With any truly great novel, the questions are usually the same. Where did the story come from? What inspired it? Were the characters or plot based on real-life elements? But these tried-and-true questions might mean a little more when asked about Daniel Defoe’s 1719 debut novel Robinson Crusoe, a book literary scholars the world over regard as one of the first realistic fiction novels and one that helped popularize the form we still crave today.
Presented as something of an autobiography of the book’s titular character, the novel details the 30 years Crusoe spent as a castaway on a remote tropical island near what is now Trinidad. Throughout the story, Crusoe encounters cannibals, other captives, and mutineers before finally being rescued right at the novel’s end.
It’s part faux-travelogue, part diary, and part adventure novel, and Defoe’s ability to create vivid, heart-pounding scenes of action, intrigue, and romance paved the way for centuries of aspiring-writers to tell their own stories of adventure and peril.
But where did Robinson Crusoe come from? How did Defoe—who held a number of interesting professions, including a trader, writer, and spy—harness the elements of the story and mold them into this classic English novel?
Theories abound on the origins of the novel and the source material Defoe had at his disposal. Even today, nearly 300 years after its initial publication, academics and scholars still quibble over the search for the real Robinson Crusoe and the story behind the story.
Theory #1: Alexander Selkirk
A Scottish sailor and notorious hothead, Alexander Selkirk’s story was long-held to be the inspiration for Defoe’s Crusoe. Selkirk worked as a naval officer aboard the Cinque Ports under Captain Thomas Stradling. In September 1704 after expressing doubts about the ship's seaworthiness, Selkirk was marooned on the Juan Fernandez Islands off the coast of Chile. Selkirk lived on the desert island before being rescued in 1709 and receiving a hero’s welcome upon his return home. Word of his story spread throughout Europe, particularly in England, Defoe’s home turf.
Some scholars argue the timeline of Selkirk’s story would not allow it to be the inspiration for Robinson Crusoe, which was published in 1719 and completed a good amount of time prior. But others argue Selkirk’s exploits had a direct impact on Crusoe and choices Defoe made in composing the story.
Theory #2: Ibn Tufail’s Hayy ibn Yaqdhan
A tongue-twister though it may be, Hayy ibn Yaqdhan was a 12th Century philosophical novel by Ibn Tufail, an Arabic writer, philosopher, physician, and court official. Loosely translated as Philosophus Autodidactus, the novel explores the themes and ideas of a feral child raised by animals on a desert island. Initially conceived as something of a thought-experiment, the novel is concerned with what happens to human beings in the absence of other human beings, and how curiosity and the pursuit of answers and truth are innate human qualities.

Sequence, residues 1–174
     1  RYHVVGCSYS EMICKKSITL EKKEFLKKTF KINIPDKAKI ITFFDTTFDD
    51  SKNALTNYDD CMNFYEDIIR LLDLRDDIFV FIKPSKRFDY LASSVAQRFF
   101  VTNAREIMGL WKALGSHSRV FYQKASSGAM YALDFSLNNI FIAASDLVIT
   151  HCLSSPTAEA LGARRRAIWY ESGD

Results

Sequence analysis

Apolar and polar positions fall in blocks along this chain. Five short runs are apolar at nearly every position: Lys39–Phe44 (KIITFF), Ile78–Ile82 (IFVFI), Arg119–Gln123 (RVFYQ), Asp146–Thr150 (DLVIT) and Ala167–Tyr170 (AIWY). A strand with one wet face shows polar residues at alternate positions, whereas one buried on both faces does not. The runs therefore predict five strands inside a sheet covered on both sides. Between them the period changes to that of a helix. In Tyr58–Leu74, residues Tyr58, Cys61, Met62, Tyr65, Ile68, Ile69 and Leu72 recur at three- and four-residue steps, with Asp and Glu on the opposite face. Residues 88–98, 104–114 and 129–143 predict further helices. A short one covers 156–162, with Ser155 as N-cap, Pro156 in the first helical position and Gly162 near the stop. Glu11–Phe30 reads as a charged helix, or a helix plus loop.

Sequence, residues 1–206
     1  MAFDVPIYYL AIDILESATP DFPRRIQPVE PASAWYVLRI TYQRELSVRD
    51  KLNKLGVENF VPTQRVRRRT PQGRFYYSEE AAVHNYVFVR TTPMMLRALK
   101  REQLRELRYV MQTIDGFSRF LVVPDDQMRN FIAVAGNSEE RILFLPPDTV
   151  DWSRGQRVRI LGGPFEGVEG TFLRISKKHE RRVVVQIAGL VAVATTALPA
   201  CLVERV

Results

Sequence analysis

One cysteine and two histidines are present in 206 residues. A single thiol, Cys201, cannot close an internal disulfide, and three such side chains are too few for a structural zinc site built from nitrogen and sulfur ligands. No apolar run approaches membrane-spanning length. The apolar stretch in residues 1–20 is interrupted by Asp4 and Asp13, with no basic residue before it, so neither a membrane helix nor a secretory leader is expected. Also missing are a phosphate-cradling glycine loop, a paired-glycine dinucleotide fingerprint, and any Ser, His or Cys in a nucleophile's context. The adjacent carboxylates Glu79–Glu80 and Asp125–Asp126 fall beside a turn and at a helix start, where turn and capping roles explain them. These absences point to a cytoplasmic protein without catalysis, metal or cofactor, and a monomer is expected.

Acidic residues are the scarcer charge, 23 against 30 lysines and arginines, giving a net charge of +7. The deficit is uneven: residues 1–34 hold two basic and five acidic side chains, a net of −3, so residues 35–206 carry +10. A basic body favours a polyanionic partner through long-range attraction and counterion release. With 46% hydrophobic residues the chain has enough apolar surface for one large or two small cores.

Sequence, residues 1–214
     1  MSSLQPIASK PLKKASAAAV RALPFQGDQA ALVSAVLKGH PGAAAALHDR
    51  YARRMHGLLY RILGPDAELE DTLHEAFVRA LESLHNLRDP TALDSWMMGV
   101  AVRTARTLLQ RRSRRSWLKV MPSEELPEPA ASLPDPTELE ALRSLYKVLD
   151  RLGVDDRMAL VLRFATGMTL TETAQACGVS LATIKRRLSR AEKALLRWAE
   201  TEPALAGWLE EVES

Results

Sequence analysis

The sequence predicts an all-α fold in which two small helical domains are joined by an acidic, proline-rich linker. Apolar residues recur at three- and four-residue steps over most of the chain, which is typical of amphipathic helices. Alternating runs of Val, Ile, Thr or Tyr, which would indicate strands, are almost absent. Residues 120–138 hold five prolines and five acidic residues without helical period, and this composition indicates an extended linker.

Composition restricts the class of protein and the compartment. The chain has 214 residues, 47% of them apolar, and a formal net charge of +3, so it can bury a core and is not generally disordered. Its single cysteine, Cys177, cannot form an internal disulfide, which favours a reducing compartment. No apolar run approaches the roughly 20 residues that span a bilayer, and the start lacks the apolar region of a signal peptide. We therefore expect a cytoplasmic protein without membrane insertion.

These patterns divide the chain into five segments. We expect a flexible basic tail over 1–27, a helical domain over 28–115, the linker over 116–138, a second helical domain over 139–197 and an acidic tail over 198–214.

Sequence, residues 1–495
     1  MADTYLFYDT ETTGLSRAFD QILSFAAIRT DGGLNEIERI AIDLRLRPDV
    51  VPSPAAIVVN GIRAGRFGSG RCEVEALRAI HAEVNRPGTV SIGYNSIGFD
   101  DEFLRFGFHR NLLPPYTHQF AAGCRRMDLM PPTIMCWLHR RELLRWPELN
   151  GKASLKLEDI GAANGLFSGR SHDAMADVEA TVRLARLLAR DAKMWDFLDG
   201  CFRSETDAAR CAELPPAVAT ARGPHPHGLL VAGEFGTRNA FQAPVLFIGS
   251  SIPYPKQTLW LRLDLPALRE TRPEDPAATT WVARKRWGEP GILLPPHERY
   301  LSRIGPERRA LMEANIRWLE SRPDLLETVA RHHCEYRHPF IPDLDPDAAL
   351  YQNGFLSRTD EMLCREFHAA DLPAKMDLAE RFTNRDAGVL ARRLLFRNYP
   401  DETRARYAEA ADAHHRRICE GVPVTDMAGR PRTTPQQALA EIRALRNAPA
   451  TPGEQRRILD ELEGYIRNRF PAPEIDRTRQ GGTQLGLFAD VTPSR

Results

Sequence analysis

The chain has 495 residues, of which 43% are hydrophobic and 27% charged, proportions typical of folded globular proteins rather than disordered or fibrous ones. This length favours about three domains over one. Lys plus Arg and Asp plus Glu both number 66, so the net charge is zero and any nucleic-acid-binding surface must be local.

As with the Selkirk theory, some scholars argue the central conceit of Tufail’s text was an important influence on Defoe’s novel, while others contend it’s the themes and ideas of Tufail’s work that Defoe took as a source of inspiration.
Theory #3: Robert Knox
Its direct influence on Crusoe notwithstanding, the story of English sea captain Robert Knox and his nearly two decades-long tenure on an island near what is today Sri Lanka is one of the most compelling true-life action-adventures stories ever. Knox set sail for Persia on behalf of the British East India Company in January 1658, but his ship was severely damaged during a storm about one year later, and he and his crew were taken captive and held for 19 years by the inhabitants of the Island of Ceylon. Though held in relatively livable conditions—Knox and his crew were given jobs and responsibilities in the village in exchange for lodging, food, and other provisions—Knox finally escaped and fled to a nearby island controlled by the Dutch before being returned home to England.
Accounts of his time on Ceylon were published in a 1681 book called An Historical Relation of the Island Ceylon, a text that featured detailed illustrations and descriptions of the island and its inhabitants and which served as the only recorded information about the island during that age.
Until recently, the story of Knox, his captivity, and eventual escape was thought to be the most direct influence on the story of Crusoe.
Theory #4: Henry Pitman
Stemming from intensive research and investigation as detailed in the 2002 Tim Severin book Seeking Robinson Crusoe, a growing number of literary scholars and historians now believe Defoe’s Robinson Crusoe was written in response to the story of Henry Pitman, a former surgeon to the Duke of Monmouth, who was stranded on a desert island in the Caribbean following a shipwreck. Upon his escape from the island and return home, Pitman’s story was published by English publisher J. Taylor of Paternoster Street—Taylor’s son would later publish Defoe’s masterwork, Robinson Crusoe.
In addition, Severin’s research uncovered Pitman lived in an apartment above Taylor’s publishing house, which Severin argues is fertile ground for a meeting between Pitman and Defoe. While word of Pitman’s exploits did circulate through England, Severin contends several face-to-face meetings between Pitman and Defoe may have taken place in which Pitman may have recounted his story to Defoe, who then interwove bits and pieces of Pitman’s experience into his own narrative.